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Unintentionally hilarious things in Star Trek

For over 50 years, Star Trek has been one of the world's most beloved science fiction franchises, and a big part of that is because of the balance that it strikes between pulpy, action-packed adventure, insightful allegorical storytelling, and straight-up comedy. That approach has made it a versatile show for exploring different aspects of its philosophy in a way that never really gets old. For every "Taste of Armageddon," where the idea of cold calculations about the casualties of war are shown for the horror they are, there's a "Trouble With Tribbles," where an annoyed Captain Kirk gets buried in a pile of hungry, horny furballs.

Sometimes, however, something doesn't land right, and that balance gets thrown off. It's rare for Star Trek to miss the mark, but when it does, the things that are supposed to be gravely serious wind up being absolutely hilarious. From cheesy effects to bizarre costume choices, here are the unintentionally hilarious moments from Star Trek.

The Enterprise D

At best, "What Are Little Girls Made Of" is a pretty weird episode of Star Trek. The plot concerns a scientist who has been stranded on an icy planet, passing the time by making what are essentially android RealDolls in a large scale LARP of The Sims. It's cleverly done, though, and Kirk's plan for literally using straight up racial slurs to tip off Spock to the fact that he's been replaced by an android duplicate is a pretty clever, if very odd, solution to a problem.

Another odd solution to a problem Kirk faces in the episode? When he finds himself menaced by a hulking android named Ruk — played by Ted Cassidy, who also played Lurch on the original Addams Family — Kirk defends himself by grabbing a rock that bears a striking resemblance to... well, look for yourself. That's a pretty, uh, distinctive shape there. Unfortunately for Kirk, even after he yanks it off of the ceiling of the cave, his escape attempt comes up short after he gets a little too cocky and meets some stiff resistance from a testy opponent in a hard fought battle. It looks like it was a fun scene to film, though; the actors look like they're having a ball. Maybe even two.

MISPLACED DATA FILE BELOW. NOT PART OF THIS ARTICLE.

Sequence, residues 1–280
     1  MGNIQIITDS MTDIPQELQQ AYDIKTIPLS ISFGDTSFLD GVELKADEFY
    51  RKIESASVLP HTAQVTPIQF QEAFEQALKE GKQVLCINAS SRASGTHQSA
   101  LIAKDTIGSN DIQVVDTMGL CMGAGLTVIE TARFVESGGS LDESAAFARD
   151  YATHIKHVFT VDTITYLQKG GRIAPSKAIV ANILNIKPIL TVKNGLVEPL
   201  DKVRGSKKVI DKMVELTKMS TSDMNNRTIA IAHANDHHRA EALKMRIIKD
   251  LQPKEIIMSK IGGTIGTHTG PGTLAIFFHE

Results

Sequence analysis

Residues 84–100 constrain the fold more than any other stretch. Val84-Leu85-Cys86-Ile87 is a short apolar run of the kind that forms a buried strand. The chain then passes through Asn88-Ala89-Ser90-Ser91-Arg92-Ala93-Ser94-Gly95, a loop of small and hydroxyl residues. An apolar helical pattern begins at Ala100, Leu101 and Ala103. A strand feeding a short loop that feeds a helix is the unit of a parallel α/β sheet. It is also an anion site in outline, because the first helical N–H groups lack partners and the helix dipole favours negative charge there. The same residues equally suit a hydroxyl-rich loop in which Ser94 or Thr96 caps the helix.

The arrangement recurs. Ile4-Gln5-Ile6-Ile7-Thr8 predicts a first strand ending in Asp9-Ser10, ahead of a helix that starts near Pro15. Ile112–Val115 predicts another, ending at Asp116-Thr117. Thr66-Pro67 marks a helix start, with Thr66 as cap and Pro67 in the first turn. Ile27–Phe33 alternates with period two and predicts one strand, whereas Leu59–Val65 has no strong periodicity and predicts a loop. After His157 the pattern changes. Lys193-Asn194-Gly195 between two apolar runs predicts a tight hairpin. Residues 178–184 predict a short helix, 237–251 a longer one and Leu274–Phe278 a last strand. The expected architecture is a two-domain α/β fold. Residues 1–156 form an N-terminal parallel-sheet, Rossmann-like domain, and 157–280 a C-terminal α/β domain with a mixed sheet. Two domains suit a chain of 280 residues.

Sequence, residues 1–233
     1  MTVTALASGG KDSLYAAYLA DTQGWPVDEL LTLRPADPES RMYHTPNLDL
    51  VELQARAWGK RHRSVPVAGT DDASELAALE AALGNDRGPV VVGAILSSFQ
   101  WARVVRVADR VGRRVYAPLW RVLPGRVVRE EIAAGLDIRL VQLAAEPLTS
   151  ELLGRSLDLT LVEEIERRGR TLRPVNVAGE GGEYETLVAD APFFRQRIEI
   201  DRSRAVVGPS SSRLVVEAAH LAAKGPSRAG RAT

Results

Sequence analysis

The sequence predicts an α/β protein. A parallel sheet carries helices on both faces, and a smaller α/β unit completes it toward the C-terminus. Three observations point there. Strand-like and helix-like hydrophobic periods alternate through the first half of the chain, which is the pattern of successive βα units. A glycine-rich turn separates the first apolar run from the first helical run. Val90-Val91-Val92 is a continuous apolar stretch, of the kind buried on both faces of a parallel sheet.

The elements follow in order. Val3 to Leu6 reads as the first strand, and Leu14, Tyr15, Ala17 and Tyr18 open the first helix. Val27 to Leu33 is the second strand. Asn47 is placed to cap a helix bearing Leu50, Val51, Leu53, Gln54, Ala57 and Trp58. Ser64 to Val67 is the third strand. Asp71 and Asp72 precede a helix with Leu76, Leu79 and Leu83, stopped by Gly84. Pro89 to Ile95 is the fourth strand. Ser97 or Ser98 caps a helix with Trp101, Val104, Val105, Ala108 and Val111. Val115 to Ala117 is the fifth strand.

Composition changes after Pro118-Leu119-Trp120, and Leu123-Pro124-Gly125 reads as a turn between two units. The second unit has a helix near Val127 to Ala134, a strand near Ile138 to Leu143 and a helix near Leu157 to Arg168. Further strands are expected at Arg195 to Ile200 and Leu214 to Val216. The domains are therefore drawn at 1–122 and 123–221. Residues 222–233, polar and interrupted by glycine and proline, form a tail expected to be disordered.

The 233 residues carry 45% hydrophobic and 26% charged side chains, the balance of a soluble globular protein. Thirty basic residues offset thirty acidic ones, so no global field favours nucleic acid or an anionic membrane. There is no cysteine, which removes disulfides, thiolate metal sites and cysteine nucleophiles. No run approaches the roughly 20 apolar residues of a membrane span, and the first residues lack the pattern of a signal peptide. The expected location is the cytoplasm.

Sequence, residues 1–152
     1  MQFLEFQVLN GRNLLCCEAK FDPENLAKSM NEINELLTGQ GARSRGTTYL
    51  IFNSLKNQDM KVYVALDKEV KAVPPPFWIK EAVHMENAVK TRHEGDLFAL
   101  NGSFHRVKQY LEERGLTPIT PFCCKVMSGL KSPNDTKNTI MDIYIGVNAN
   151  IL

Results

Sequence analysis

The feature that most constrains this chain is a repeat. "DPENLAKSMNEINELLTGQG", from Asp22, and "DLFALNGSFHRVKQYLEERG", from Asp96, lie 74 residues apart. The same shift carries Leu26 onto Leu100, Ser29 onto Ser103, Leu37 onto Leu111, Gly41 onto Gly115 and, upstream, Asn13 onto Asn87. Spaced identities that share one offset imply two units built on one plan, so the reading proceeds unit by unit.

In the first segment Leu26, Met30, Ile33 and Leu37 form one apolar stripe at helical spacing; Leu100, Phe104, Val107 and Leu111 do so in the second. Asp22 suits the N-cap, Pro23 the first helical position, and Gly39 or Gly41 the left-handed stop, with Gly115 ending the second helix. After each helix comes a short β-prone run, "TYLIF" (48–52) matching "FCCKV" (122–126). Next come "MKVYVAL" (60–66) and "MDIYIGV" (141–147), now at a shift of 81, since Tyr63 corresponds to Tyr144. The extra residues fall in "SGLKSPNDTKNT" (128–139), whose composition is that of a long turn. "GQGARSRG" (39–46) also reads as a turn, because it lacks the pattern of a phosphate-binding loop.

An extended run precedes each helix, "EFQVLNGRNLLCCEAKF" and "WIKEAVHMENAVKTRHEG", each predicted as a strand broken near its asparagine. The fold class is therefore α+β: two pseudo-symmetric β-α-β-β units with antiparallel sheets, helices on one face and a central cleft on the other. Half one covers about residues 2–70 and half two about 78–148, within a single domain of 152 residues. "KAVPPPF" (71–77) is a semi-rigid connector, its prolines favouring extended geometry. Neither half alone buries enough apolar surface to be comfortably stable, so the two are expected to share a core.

Surely somebody over at the props department was having a little fun, but nobody in 1966 had any idea that we'd be able to pause this short scene in glorious high definition and pass it around to each other to make sure we were actually seeing what we thought we were seeing. Either way, the drama and danger of the scene gives no indication that we're seeing something out of the ordinary, which only makes it funnier to go back and watch again.

What's new, pussycat?

It's hard to tell, but we're pretty sure "Catspaw" is supposed to be scary, or at least exciting in an adventurous sort of way. The second-season episode of Trek's original series aired near Halloween back in 1967, and it uses plenty of classic supernatural elements to put the Enterprise crew in danger from ghostly witches, cursed castles, diabolical shapeshifters, and other various haints. In theory, that could be a spine-tingling chiller with a sci-fi style that could make for a fun scare. In practice, virtually everything about the episode is downright hilarious.

As an adventure story, "Catspaw" is not remembered fondly by most Trekkers. But as a comedy, it's one of the show's most fun episodes to watch, and it rarely gets funnier than the climactic battle that pits Kirk against a... cat. A cat that is also occasionally a woman who tries to have sex with him, because, you know, Star Trek. To be fair, it's a large cat, although we should note that a "large cat" — which is to say a housecat blown up to the size of a minivan through the miracle of forced perspective — is not to be confused with a "big cat" — i.e., a lion or tiger or something else that would actually be threatening.

The image of Kirk being menaced by a li'l kitty cat that's stomping through a miniature castle and shoving a cardboard door over onto a space wizard while Spock seriously informs us that "the cat is the most ruthless, most terrifying of animals" is absolutely delightful. "Catspaw" might not be "good" in the traditional sense, and there's no way everyone involved didn't know they were doing the cheesiest thing they possibly could've done. But it is one of Star Trek's most hilarious episodes, and it makes the intentionally humorous "The Trouble with Tribbles" look like Crime & Punishment by comparison.

Programmed... for pleasure